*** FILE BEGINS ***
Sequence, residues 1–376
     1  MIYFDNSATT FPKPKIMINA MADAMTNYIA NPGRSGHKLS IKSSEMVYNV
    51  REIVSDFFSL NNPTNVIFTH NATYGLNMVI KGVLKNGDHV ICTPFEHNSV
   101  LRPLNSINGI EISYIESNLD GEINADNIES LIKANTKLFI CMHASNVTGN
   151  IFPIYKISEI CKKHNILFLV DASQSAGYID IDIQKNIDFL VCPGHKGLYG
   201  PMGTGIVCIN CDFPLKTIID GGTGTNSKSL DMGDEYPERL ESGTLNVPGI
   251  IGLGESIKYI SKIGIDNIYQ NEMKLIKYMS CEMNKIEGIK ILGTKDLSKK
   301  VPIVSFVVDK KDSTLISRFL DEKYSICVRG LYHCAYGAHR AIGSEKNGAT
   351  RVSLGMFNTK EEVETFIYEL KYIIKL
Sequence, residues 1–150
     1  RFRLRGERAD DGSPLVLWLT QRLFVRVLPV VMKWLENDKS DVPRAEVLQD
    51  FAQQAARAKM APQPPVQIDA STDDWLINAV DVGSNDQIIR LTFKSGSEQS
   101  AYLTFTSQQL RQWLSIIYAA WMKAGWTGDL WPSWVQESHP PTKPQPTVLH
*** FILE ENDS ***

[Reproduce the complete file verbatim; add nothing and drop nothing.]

Sequence, residues 1–376
     1  MIYFDNSATT FPKPKIMINA MADAMTNYIA NPGRSGHKLS IKSSEMVYNV
    51  REIVSDFFSL NNPTNVIFTH NATYGLNMVI KGVLKNGDHV ICTPFEHNSV
   101  LRPLNSINGI EISYIESNLD GEINADNIES LIKANTKLFI CMHASNVTGN
   151  IFPIYKISEI CKKHNILFLV DASQSAGYID IDIQKNIDFL VCPGHKGLYG
   201  PMGTGIVCIN CDFPLKTIID GGTGTNSKSL DMGDEYPERL ESGTLNVPGI
   251  IGLGESIKYI SKIGIDNIYQ NEMKLIKYMS CEMNKIEGIK ILGTKDLSKK
   301  VPIVSFVVDK KDSTLISRFL DEKYSICVRG LYHCAYGAHR AIGSEKNGAT
   351  RVSLGMFNTK EEVETFIYEL KYIIKL
Sequence, residues 1–150
     1  RFRLRGERAD DGSPLVLWLT QRLFVRVLPV VMKWLENDKS DVPRAEVLQD
    51  FAQQAARAKM APQPPVQIDA STDDWLINAV DVGSNDQIIR LTFKSGSEQS
   101  AYLTFTSQQL RQWLSIIYAA WMKAGWTGDL WPSWVQESHP PTKPQPTVLH